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Int J Epidemiol. 2000 Dec;29(6):969-74.

Breast cancer incidence rates in Slovenia 1971-1993.

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Division of Epidemiology and Biostatistics, European Institute of Oncology, Milan, Italy.



Analyses of time trends in breast cancer incidence and mortality have generally revealed cohort-based changes in the rates. These have been linked to cohort-based changes in lifestyle factors. The effect of the changes in the reproductive risk factors on the changes in the rates, and the relative importance of the reproductive characteristics in Slovenia, a country which has not had much breast cancer screening, are investigated.


Data on breast cancer incidence for 1971-1993 were obtained from the Cancer Registry of Slovenia (Registry). The Registry covers the whole population of the Republic of Slovenia (1.99 million on 30 June 1993). The statistical analysis uses parametric age-period-cohort models.


Breast cancer incidence has increased by 70% in Slovenia from 1971 to 1993, These changes are dominated by cohort effects and the cohorts born in 1907-1922 have the greatest increase in incidence. Period effects on changes in incidence were modest. The percentage of nulliparous women in the cohort and the average family size in the cohort explained 38% of the variation in the cohort effects.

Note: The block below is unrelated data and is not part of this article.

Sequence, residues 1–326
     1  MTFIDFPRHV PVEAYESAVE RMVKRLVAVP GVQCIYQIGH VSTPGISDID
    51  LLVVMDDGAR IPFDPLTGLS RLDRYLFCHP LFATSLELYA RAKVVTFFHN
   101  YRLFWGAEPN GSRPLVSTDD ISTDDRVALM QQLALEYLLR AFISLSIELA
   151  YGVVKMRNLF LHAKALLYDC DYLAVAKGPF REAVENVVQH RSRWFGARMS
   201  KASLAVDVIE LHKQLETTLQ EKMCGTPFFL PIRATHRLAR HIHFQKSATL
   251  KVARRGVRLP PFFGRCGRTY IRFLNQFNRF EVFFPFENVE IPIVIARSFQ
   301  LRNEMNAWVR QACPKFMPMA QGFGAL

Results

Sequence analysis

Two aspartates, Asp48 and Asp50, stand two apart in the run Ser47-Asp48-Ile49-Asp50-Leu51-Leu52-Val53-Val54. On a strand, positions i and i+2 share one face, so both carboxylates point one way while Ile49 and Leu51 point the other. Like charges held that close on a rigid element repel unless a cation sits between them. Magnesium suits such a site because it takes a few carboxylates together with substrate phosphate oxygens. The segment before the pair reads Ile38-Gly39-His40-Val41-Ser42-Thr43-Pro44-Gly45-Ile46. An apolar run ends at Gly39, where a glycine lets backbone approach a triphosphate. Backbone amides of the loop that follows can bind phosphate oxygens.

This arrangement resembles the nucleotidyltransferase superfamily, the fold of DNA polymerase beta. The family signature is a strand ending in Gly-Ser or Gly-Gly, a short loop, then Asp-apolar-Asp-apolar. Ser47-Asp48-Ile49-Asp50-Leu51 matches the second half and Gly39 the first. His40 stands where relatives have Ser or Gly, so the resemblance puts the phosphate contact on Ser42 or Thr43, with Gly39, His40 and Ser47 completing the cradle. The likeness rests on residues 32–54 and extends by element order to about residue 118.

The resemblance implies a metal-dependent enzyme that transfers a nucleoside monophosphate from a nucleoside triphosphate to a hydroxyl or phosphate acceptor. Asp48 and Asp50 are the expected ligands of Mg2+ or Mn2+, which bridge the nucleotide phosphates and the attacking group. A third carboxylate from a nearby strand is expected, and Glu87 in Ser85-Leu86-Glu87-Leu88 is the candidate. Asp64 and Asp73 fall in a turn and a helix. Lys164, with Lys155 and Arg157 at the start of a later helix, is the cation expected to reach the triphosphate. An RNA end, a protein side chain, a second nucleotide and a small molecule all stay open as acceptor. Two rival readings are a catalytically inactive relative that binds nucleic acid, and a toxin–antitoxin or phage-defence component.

The percentage of nulliparous women in the cohort is the most important reproductive variable associated with the trends in the rates, with breast cancer risk predicted to be higher in cohorts with a larger percentage of nulliparous women. As the cohorts born 1932-1946 have a more favourable reproductive pattern as regards breast cancer risk, compared to the 1907-1922 cohorts, age-specific incidence rates in Slovenia would be predicted to decline in the future in the absence of changes in the other risk factors.

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